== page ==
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Growth & Development

Learning to Sleep

Sleep Routines
During the first 3 months  you cannot spoil your baby or create bad habits (for example, by allowing your baby to sleep on your chest while you are awake). However, it can help them to organize their sleep and develop good habits by establishing some patterns. Babies are not automatically programmed to know night from day so it is helpful to start off by creating a “bed time” between 6- 8 pm.

Try to establish a soothing routine that puts your baby in an awake but drowsy state when you put them down.  Babies will learn to put themselves to sleep if you let them fall asleep on their own.

Even though you are waking up multiple times a night to feed, make all feedings after your bedtime “night-time” feedings. You can do this by keeping the lights dim, avoiding tv or radio, avoiding eye contact or playing with your baby. In the middle of the night, don’t get your baby too stimulated or over excited and don’t do all the other wonderful things you are doing during the day. 

Give Your Baby Opportunity to Sleep

Give your baby an opportunity to sleep every 1.5-2 hours. Even if you have visitors, it is okay to put your baby down for a nap.  Ideally, we want to put your baby down when they are awake but drowsy. By letting your baby put himself to sleep he will learn how to self-soothe which will be good later when you consider sleep training.

Your baby will not give you a long stretch of sleep at this time, but remember to wake your baby every 3 hours to feed until your doctor says it’s okay not to. When you do get permission to let your baby go, make sure not to have the longest stretch in the middle of the day, and encourage the baby to take it at night by doing regular feedings throughout the daytime.

TIP: Your baby may fall asleep in your arms, stroller or bouncy chair as well. That is fine, it is too early to create bad habits for the first 3 months. But always remember that strollers and bouncy chairs are only safe if you are watching the baby (an awake adult in the room) but never for nighttime sleep or when an adult is not in the room. Also pay attention to the weight requirements on certain devices and get in the habit of always using all belts and buckles.


After 6–8 Weeks
Finding soothing techniques that work for you and your baby is up to you. Bed time routines may include a bath, breast or bottle feeding, and rocking. Really, whatever works for you! Doing the same thing before bed each night, even when your baby isn’t sleeping for more than a few hours at a time, will help signal to him/her that it’s bedtime and they will grow to love it and look forward to it.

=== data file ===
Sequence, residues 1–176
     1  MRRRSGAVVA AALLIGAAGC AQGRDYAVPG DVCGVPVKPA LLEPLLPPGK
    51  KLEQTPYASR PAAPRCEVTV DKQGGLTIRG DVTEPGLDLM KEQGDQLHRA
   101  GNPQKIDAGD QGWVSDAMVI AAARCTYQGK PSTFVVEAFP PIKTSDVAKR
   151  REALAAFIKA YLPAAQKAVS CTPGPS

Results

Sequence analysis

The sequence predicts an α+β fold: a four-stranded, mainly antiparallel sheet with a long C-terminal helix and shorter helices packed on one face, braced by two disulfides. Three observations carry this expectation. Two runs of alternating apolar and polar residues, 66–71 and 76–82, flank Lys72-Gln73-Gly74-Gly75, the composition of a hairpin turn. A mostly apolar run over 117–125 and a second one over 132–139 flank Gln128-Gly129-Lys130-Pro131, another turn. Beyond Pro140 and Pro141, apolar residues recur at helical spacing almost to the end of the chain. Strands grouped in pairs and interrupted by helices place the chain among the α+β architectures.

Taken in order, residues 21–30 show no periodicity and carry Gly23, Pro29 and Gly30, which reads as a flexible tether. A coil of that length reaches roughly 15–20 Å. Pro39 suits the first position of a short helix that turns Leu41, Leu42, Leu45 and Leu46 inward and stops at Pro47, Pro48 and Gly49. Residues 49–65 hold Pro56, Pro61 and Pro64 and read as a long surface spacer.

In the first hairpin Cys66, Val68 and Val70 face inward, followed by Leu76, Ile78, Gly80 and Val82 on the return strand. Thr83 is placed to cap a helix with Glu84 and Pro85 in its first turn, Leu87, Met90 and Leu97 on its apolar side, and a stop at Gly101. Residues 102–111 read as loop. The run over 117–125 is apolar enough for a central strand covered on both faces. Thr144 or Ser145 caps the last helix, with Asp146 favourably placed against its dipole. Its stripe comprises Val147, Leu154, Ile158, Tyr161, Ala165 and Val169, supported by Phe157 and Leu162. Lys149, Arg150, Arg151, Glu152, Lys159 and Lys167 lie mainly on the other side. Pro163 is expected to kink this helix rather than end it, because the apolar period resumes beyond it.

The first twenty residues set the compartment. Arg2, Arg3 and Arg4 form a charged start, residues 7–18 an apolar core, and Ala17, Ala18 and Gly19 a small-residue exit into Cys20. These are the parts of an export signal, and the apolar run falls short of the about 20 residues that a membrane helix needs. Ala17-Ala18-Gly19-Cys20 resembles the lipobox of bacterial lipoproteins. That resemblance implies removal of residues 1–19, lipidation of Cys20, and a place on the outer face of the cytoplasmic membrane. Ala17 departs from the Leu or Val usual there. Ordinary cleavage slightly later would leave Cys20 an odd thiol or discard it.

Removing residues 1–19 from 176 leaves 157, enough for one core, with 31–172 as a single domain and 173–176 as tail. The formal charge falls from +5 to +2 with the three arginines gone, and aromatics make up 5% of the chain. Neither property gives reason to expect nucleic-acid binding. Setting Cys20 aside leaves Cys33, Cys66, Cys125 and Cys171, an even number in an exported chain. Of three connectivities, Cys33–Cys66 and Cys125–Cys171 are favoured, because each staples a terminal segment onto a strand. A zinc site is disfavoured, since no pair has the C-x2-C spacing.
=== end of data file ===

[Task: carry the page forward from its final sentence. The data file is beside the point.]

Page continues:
Do remember, whatever you do after about 3 months with your baby (for example, rocking, singing, reading), will likely be what your baby expects/needs to fall asleep when they are 2 years old and beyond—so make your sleep routines enjoyable for both of you!


Naps and Toys
Your baby needs to nap after being awake between 1 and 2 hours. Put your baby down before they get overtired, and try not to miss the window! When you see that he/she is becoming tired, or when your baby has been awake between 1-2 hours, begin a soothing sleep routine. Nap routines may include nursing/feeding and cuddling with dim lights and some soothing music or humming once they wake up, try to take your out of her crib when they wake up (unless he/she seems to be cooing and relaxing). He/she will learn that crib time is for sleeping.

Also, avoid crib toys. When your baby is 0 to 3 months old, it is okay to use a mobile. But by 4 months old, the mobile should be removed because it could be dangerous if your baby grabs it.

Witching Hour
Babies may get fussy late in the afternoon or early evenings. This may be a signal that his or her bedtime has passed. We want to avoid this because overtired babies are harder to put down to sleep.


Physical Space
Try to have your baby sleep in the same place as often as possible. This avoids confusion and allows them to grow a sense of their own safe place.  Create a peaceful space for your baby to sleep and try to be respectful of their sleeping space. As much as possible, try to make it a calming place that is dark and quiet.

Very young infants can sleep through almost anything but after a few months, as they become more aware of the world around them, they will not sleep as well with distractions.

Think of where your baby sleeps the way you think of how you would like to sleep. You wouldn’t want to sleep with people banging and talking around you either! If you have a lot of noise in your apartment you can use white noise (which sounds like a long, loud hiss) to drown it out.


Sleep Moving Forward
At this point it is too early to sleep train your baby or let them “cry it out.” You can do this after 4 months of age after checking with your pediatrician. If “crying it out” makes you uncomfortable, there are lots of other ways to help your baby learn to sleep.  Remember, you can help your baby learn to self-soothe by practicing good sleep habits early and putting your baby to bed drowsy but awake. 
One way to tell if your baby is getting enough sleep is mood. If he/she seems happy, don’t worry too much. If he/she is cranky, working out sleep routines will be helpful.

Content created in partnership with
Seedlings Group